Independent market watchdog European Securities and Markets Authority (ESMA) is seeking public input for drafting new rules on cryptocurrency derivative contract as it weighs restrictions.
ESMA called for comments on contracts for differences (CFDs) on cryptocurrency to determine if those abide by the Markets in Financial Instruments Directive (MiFID).
CFDs sold across the EU are getting increased attention from regulators because investors “are exposed to a significant risk of loss.” CFD products are extremely complicated and retail investors have too little knowledge to understand the underlying risks.
“In this context, ESMA is currently discussing whether CFDs on cryptocurrencies, whose underlying assets have displayed very high price variation, should be addressed in the measures and whether a 5:1 initial leverage would provide investors with sufficient protection. Alternatively, a lower leverage limit (2:1 or 1:1) or stricter measures (such as a prohibition on the marketing, distribution or sale of CFDs in cryptocurrencies to retail clients) could be considered.”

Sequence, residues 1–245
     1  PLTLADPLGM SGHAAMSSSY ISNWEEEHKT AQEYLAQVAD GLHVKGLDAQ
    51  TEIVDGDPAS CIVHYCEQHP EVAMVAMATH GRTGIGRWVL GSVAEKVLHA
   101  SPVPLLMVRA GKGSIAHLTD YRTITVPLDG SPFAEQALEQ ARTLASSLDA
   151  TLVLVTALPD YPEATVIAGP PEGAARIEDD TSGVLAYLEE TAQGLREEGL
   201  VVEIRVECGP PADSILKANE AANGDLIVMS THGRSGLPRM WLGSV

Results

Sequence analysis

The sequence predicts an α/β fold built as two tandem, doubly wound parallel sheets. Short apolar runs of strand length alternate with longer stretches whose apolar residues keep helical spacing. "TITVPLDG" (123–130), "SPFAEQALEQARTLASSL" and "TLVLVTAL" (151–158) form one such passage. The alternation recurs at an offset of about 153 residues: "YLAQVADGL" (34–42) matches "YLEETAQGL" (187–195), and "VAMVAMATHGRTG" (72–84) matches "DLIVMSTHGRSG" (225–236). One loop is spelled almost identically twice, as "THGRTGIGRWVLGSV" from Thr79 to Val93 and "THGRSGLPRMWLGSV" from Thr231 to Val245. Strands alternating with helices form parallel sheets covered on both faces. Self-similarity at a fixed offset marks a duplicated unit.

ESMA explained that capping the leverage limit at 5:1 would mean investors pay at least 20% of the initial total exposure of the CFD, while changing the leverage limit to 20:1 gives them better protection as they would only pay 5% of the total CFD value.
More importantly, ESMA wants to hear whether the public agree on the need to introduce rules about specific restrictions for CFDs in cryptocurrencies. The market watchdog said it would accept comments and suggestions until February 5, 2018.
In December last year, the UK Financial Conduct Authority (FCA) issued a warning to investors about cryptocurrency CFDs, describing the financial instrument as an “extremely high-risk, speculative investment.”
The FCA explained that cryptocurrency CFDs allow investors to speculate on a change in the price of any digital currency.
“A cryptocurrency is a virtual currency that is not issued or backed by a central bank or government. They have experienced significant price volatility in the past year which, in combination with leverage, places you at risk of suffering significant losses and potentially losing more than you have invested,” the UK financial regulator warned.